• Technology innovations in software contribute to the 3D reconstruction of tumors. It essentially gives a surgeon a real-time x-ray view of the surgical object but without prolonged exposure to radiation.

• Taking a look back, we should mention the first Glass-enhanced surgery by Dr. Rafael Grossman in 2013. This precedent-setting procedure used AR to generate interior and exterior views of a patient's abdominal surgery area.

If you want to know more about application of AR in surgery, take a look at this review from the online US National Library of Medicine.

AR in Cardiology

• AR can help detect, prevent, and treat heart diseases. AR advances surgical heart procedures by providing views and models that aid understanding and precise surgical steps.

• One of the key innovators in augmented surgery developed software that uses MRI, catheter feeds, and CT information to project a 3D model of a beating heart. The model displays on an AR headset. Using it, a doctor can interact with the hologram and perform cardiac procedures. The initial trials applied the tech to arrhythmia.

• Software can project models on several headsets simultaneously, so that a team of doctors can share the view. Surgeons can turn and manipulate the model. The software accepts hand gestures so that they can continue their work seamlessly.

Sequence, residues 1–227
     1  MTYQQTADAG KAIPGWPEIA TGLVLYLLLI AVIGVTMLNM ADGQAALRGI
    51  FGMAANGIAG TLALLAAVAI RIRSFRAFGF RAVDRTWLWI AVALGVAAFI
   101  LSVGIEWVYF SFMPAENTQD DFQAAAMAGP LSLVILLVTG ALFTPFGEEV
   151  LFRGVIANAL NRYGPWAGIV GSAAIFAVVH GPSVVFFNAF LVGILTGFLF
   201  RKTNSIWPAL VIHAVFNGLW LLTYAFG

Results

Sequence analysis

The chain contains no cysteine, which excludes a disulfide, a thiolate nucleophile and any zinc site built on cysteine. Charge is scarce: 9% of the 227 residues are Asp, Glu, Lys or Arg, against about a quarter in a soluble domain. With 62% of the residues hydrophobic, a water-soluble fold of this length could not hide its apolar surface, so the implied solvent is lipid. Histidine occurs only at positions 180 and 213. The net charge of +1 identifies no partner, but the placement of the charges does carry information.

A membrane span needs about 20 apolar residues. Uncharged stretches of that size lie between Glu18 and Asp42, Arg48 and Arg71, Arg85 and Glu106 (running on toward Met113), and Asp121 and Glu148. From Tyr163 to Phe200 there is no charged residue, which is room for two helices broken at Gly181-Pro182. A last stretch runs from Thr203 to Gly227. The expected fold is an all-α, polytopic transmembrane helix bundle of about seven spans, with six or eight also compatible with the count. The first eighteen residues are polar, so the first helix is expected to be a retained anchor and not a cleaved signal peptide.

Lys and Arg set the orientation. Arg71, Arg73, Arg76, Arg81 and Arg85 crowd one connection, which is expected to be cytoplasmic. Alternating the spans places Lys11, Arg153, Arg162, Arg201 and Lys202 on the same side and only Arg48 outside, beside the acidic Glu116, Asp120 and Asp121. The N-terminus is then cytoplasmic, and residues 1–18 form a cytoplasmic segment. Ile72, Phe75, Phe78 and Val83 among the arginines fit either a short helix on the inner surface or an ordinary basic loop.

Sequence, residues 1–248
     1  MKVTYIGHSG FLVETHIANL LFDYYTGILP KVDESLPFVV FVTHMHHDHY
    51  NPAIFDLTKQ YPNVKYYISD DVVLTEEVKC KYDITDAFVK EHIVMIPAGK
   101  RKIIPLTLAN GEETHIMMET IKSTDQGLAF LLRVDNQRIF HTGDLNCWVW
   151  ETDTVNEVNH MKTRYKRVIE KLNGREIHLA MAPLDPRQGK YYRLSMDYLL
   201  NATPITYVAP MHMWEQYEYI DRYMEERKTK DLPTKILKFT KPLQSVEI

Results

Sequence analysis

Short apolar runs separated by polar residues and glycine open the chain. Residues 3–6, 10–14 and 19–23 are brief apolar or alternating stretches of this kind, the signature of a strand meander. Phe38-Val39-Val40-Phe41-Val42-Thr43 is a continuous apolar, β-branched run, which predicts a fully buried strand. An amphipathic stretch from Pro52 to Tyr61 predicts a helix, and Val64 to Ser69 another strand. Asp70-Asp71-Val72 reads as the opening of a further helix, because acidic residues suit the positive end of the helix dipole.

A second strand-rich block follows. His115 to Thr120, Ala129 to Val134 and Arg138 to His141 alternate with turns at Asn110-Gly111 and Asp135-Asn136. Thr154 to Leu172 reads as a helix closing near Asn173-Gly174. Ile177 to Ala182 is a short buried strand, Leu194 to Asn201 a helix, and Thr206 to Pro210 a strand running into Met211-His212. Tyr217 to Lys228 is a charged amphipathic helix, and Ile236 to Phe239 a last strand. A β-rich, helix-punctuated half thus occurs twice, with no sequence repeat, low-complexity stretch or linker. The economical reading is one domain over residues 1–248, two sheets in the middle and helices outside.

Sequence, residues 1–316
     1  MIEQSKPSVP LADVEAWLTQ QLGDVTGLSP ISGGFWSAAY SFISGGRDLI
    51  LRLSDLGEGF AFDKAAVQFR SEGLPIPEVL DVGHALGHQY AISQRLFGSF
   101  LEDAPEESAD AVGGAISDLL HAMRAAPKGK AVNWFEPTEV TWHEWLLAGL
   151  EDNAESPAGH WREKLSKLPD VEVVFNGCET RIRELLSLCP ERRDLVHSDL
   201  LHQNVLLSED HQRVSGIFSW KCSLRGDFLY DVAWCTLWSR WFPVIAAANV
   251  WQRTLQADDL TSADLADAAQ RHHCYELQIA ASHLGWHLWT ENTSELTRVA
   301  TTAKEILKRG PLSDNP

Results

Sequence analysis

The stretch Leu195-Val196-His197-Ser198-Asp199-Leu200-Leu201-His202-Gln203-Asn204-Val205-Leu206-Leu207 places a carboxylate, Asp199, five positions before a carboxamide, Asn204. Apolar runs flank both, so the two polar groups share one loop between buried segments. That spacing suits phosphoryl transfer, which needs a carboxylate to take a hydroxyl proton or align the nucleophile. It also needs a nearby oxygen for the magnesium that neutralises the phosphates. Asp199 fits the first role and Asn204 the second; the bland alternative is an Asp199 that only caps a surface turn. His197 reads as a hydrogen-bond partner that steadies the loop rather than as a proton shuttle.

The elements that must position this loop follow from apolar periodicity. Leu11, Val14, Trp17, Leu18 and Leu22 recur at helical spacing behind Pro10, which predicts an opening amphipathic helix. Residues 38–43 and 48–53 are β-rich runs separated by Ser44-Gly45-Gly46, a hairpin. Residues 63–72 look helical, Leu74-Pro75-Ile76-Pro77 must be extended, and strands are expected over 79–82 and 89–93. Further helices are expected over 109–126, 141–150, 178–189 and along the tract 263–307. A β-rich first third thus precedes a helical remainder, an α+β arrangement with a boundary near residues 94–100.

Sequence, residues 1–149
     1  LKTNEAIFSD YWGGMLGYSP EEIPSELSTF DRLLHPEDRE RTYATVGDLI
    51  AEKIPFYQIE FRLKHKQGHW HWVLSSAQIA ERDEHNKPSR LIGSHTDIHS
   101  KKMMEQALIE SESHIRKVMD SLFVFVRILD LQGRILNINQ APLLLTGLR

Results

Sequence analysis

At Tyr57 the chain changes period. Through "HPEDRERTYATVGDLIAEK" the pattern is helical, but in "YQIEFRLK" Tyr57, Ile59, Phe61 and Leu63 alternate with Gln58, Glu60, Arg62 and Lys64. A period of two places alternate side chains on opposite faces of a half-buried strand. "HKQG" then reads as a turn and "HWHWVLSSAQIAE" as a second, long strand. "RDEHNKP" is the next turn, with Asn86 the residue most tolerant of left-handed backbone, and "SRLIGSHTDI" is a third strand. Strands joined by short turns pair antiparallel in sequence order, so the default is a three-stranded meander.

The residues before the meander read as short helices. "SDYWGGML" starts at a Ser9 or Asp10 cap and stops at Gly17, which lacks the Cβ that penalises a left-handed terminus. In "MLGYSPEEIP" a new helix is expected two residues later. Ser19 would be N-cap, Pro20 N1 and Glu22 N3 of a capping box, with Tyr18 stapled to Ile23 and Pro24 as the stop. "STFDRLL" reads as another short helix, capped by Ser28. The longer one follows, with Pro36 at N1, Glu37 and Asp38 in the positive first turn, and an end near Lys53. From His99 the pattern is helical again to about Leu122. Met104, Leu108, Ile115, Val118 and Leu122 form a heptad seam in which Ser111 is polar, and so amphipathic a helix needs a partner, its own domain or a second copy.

• A practical mapping app was developed in the Netherlands as an aid for emergency situations. It can track and map the locations of defibrillator machines. Users can add places as they occur.

• A mapping app combined with a special browser can enable a phone to give the precise location of the nearest defibrillator. This quick information can be critical when every second counts in the efforts to resuscitate patients with no heartbeat.

Augmented Dentistry

In the field of dentistry, a German research company developed software that projects a scanned image onto a pair of smart glasses so that dentists can see the scan as they perform it. This direct view method replaces the old technology that projected the scanned image onto a monitor. The dentist had to turn repeatedly from the patient to see the monitor. With the new technology, dentists can see the models in real time that support crowns, implants, and other procedures.

AR for Medical Procedures

Inserting an IV line is a common hospital procedure. IV lines accommodate medicines and anesthesia, and standard protocol requires a certain number of them for each patient. Many hospital personnel miss the mark and must try several times before hitting a vein and getting a good connection. A creative medical research company has adapted AR technology to the task; the research produced a scanner device that locates the patient's vein and projects a picture of the underlying vein on the skin. The device improves the first-stick rate by a factor of 3.5 times.

AR for Medical Education

AR is a fundamental tool for transforming medical education. It supports delivery of education, training, and assistance.

• HoloAnatomy uses the HoloLens to generate imaging to model the human anatomy. Users can have a dimensional view of every part of the human anatomy as they learn.

• ARnatomy has produced the digital version of Anatomy, the medical education building block. Technology can replace the traditional methods of rote memorization. The latest ARnatomy developments use OCR to bring up data associated with an image of a particular bone or part of the human anatomy. Another approach offers a skeletal model with AR markers which users can manipulate.